Guiding our children to shine their inner LIGHT by being our absolute best!

Posts tagged ‘teachers’

Push the PAUSE Button

Mercury in retrograde, full moon, racing from one thing to the next…does it ever end?

Today I woke up a little later than usual and of course this put me behind the eight ball-so to speak- throughout the day. I felt like I was running from one thing to the next and as if life was a blur. Of course anything that could go wrong, went wrong, because isn’t that just how it goes?

I went into my classroom and tried to get ready for my 1st graders to come through the doors. I always like to make sure that when they walk through the door, they see a smile and not a rushing, crazy idiot!  Today, that was a challenge though.

I tried to print morning work and there was an issue with the printer. Next I tried to get online for a backup plan, but that didn’t work either. I rushed to find a solution and came up with something just in time, but the day was already spinning out of control.

After the kids came in and started on morning work I remembered that I had to do lovely progress monitoring. I pulled the iPod out of my drawer and had technical difficulties with that too. After wasting at least 30 minutes trying to get technology to work with me so that I could get the ‘data’ teachers are expected to report, I finally got things rolling, but it was clear that my energy needed a shift.

I progress monitored 6 students (tested them…oh I LOVE those tests) and then we were off to lunch. I was definitely on edge with the kids and that’s so NOT fair to them!

Every day after lunch and recess my kids have ‘Mindful Time’. This is a time that I dedicate solely to ‘quieting our minds’ (you can read about this in my book Ignite the Light)

Some days we lay our yoga mats on the ground and go to our ‘Happy Place,’ other days we do power yoga or color mandalas. I usually take this 10-15 minutes to breathe and release some tension or get ready for the next hour with the kids (ironically, I am not always mindful during mindful time). But today- TODAY was a day when Mindful Time really made the difference for me.

The kids came into the classroom and parked themselves on the community rug for instructions. I instructed them to use mandala’s to quiet their minds and then walked to my desk to ‘catch up’. Fortunately, I caught myself and decided that I too needed to practice mindfulness.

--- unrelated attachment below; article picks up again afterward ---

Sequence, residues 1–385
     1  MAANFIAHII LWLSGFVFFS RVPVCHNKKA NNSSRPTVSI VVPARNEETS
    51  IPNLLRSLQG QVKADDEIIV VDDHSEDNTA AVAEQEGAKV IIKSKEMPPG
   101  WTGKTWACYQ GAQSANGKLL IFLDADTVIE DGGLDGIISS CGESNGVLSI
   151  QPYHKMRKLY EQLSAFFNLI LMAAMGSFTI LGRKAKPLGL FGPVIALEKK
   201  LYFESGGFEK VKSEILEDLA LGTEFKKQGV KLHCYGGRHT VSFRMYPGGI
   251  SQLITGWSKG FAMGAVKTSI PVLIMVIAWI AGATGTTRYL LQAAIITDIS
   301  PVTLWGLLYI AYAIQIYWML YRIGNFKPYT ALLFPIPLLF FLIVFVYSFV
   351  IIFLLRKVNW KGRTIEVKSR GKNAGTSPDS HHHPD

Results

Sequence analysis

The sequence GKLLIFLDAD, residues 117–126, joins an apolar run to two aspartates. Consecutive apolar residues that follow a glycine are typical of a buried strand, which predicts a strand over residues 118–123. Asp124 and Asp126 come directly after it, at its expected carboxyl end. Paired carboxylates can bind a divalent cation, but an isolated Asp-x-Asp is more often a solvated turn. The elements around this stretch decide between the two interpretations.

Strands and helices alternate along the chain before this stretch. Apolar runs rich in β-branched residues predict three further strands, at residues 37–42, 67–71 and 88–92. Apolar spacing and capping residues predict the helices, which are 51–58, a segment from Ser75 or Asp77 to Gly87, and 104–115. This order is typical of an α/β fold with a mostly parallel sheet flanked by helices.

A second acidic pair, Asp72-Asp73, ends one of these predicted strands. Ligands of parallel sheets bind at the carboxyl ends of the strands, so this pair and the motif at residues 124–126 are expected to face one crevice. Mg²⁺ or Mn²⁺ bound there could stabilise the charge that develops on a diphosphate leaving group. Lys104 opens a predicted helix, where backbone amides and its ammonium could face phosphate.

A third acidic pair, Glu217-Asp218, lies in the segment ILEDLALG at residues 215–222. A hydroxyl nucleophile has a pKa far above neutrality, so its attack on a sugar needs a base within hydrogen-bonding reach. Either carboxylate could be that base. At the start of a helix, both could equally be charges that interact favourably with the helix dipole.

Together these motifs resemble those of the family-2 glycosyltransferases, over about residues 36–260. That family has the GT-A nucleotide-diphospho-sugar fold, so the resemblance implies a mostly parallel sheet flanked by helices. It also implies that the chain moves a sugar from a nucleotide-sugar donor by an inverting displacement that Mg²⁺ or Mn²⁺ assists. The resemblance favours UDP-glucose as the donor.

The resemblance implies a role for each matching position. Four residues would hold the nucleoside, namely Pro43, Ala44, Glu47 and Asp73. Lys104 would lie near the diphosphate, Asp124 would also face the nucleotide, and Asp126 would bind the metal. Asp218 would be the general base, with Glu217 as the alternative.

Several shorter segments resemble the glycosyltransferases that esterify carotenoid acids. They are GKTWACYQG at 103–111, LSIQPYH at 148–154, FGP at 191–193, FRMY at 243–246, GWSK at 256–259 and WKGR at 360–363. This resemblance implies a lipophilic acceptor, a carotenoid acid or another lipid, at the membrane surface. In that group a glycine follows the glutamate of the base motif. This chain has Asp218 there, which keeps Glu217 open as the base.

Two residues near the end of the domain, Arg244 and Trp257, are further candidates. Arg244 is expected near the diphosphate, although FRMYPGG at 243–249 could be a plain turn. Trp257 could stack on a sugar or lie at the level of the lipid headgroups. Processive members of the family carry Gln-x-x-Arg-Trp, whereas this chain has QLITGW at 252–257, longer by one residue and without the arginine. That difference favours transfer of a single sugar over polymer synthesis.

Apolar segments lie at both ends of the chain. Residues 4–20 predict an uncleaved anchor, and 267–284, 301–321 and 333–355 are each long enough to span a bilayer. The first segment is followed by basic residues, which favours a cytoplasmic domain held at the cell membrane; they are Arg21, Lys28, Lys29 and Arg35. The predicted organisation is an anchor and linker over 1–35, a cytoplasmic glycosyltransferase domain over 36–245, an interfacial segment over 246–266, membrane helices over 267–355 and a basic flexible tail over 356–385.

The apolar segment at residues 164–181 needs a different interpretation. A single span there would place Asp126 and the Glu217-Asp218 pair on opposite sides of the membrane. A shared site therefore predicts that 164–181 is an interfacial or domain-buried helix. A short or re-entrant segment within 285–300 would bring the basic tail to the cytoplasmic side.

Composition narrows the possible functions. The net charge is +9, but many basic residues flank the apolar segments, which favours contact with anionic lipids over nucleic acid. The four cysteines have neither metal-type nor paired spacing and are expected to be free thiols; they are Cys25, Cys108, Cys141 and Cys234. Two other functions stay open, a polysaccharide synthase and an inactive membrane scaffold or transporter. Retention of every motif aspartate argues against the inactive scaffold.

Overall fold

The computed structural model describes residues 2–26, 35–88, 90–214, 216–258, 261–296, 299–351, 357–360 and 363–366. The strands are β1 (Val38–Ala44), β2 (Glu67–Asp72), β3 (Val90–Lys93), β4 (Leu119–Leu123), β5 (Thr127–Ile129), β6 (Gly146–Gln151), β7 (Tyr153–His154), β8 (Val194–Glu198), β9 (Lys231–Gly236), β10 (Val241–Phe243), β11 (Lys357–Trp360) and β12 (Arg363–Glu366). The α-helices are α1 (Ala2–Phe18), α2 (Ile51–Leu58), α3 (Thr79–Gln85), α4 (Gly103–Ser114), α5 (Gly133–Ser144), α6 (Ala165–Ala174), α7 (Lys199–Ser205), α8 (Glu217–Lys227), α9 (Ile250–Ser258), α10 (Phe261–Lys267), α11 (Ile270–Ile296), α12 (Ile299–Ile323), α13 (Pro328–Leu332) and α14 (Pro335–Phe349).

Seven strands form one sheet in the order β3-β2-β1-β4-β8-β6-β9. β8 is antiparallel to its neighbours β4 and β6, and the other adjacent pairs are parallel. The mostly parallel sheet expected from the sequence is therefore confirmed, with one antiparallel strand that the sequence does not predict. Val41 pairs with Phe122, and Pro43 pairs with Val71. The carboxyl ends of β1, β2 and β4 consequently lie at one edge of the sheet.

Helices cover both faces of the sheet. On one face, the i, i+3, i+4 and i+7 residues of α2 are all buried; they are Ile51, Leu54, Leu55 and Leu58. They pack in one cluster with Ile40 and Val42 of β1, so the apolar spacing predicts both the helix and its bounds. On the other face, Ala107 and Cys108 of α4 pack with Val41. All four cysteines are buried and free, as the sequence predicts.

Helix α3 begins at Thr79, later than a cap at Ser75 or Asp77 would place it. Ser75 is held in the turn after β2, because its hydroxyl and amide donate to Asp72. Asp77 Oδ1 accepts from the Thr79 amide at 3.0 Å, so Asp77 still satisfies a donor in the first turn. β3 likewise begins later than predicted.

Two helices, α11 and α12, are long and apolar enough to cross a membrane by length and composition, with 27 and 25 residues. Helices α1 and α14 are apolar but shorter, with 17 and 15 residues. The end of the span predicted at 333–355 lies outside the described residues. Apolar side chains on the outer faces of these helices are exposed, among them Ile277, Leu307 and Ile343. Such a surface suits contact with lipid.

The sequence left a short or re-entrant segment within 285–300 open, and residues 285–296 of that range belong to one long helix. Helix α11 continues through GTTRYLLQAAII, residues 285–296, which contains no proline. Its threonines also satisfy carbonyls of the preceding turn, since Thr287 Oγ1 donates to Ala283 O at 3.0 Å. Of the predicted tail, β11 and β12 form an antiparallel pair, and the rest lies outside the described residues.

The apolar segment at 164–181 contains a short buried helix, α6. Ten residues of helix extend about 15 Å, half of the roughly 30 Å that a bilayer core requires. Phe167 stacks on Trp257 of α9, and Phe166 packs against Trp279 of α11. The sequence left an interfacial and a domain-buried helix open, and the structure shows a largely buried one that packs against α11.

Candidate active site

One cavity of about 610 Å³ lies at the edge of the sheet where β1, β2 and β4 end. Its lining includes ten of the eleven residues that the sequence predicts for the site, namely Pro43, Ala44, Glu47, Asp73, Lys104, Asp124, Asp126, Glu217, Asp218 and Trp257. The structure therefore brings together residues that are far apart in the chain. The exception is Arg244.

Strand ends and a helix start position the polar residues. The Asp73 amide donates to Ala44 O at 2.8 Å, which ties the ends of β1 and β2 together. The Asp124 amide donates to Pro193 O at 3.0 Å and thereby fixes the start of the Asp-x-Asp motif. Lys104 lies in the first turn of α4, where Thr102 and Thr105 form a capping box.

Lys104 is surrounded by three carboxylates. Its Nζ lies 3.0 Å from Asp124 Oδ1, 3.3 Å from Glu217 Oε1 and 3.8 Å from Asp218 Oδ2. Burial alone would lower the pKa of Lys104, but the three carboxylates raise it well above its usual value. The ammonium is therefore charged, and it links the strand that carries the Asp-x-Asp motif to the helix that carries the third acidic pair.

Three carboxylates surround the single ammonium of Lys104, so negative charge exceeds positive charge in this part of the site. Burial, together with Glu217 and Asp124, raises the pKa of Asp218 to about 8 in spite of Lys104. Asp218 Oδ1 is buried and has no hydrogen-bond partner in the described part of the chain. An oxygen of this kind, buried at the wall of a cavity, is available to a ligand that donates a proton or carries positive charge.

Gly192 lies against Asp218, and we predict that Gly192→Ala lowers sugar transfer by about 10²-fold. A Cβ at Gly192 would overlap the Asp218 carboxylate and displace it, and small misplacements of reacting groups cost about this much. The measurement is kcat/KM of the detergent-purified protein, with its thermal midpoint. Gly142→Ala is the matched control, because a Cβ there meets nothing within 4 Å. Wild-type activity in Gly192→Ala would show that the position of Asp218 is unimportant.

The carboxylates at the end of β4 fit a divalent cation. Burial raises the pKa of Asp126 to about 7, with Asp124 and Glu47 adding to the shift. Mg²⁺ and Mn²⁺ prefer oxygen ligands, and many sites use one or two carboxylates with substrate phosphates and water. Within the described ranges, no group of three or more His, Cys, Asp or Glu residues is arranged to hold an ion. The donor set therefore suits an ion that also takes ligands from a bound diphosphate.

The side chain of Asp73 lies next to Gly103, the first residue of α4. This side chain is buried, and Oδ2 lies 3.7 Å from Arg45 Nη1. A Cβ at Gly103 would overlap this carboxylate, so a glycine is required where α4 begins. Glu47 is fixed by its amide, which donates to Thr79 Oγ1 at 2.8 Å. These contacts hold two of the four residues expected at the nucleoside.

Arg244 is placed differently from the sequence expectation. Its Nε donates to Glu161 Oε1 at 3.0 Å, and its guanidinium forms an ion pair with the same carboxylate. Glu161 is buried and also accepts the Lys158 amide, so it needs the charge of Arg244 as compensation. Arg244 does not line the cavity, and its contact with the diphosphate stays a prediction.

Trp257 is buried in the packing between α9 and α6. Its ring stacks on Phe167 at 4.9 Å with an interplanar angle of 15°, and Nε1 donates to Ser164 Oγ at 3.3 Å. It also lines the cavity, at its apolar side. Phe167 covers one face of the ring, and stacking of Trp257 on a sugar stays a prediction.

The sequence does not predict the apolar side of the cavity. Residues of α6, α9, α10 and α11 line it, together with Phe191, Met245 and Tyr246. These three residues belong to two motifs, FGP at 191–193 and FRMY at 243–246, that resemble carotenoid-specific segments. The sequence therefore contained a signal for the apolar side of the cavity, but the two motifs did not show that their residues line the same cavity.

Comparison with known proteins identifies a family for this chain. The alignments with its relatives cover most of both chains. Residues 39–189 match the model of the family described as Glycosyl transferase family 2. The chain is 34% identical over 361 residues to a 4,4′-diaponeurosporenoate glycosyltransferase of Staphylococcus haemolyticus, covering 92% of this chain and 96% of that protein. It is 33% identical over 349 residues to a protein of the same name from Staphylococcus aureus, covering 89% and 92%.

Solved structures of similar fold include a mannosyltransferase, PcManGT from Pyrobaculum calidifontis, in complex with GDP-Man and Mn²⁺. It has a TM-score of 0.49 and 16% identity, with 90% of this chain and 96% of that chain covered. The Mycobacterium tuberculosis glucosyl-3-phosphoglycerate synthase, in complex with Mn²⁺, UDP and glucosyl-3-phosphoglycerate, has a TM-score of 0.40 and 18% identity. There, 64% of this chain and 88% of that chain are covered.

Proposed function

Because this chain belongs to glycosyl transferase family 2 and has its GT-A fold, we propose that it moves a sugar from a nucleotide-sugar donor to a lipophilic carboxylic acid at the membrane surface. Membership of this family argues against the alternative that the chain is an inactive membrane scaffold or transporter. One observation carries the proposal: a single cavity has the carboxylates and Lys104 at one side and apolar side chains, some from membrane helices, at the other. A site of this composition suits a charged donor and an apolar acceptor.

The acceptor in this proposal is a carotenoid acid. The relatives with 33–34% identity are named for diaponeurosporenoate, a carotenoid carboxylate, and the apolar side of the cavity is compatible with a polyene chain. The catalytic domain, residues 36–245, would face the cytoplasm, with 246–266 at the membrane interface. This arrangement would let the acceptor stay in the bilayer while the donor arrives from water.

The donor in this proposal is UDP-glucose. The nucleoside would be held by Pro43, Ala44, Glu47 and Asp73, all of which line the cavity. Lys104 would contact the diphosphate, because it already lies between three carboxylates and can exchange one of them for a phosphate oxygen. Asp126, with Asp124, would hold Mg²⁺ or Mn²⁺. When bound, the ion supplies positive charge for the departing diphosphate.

I announced to the kids that I was going to color a mandala today as well. I chose one, pulled out my crayons (that was really awesome-I love the smell of crayons) and began to color my mandala from the inside out. As I colored I shared some thoughts with the kids. They were so happy to have me join in as well and so intrigued by my coloring and choice of colors. I smiled to myself because of their excitement.

Time was up. I began to pack my crayons away and began counting down for the kids to do the same. When the kids came to the rug again for instructions something was different…I was different. My energy was now re-balanced and even though things were still ‘ticking’ me off throughout the afternoon with technology and testing, the edge was now gone!

mandala

This made me realize that we all need to push that pause button throughout the day. I literally sat and colored (yes, I colored with crayons) for about 10 minutes and suddenly life didn’t seem so tough after all.

Mindfulness doesn’t have to happen at the same time every day and it doesn’t have to happen in a certain way. Mindfulness just needs to happen. And the only way for us to be mindful is to sometimes hit the PAUSE button.

Try it. 10-15 minutes (even 5 minutes) in the middle of your stressful day can totally make all the difference in the world. Go ahead, pull out a box of crayons-I dare you!

Lots of Love & Tons of Light,

Vicki

PS Come visit me on my page and sign up for my newsletter so we can stay connected. I LOVE to hear from you!  www.vickisavini.com 

 

We Bonded Like Nobody’s Business Today

Today was the third full day of school for my first graders and it certainly was a memorable one…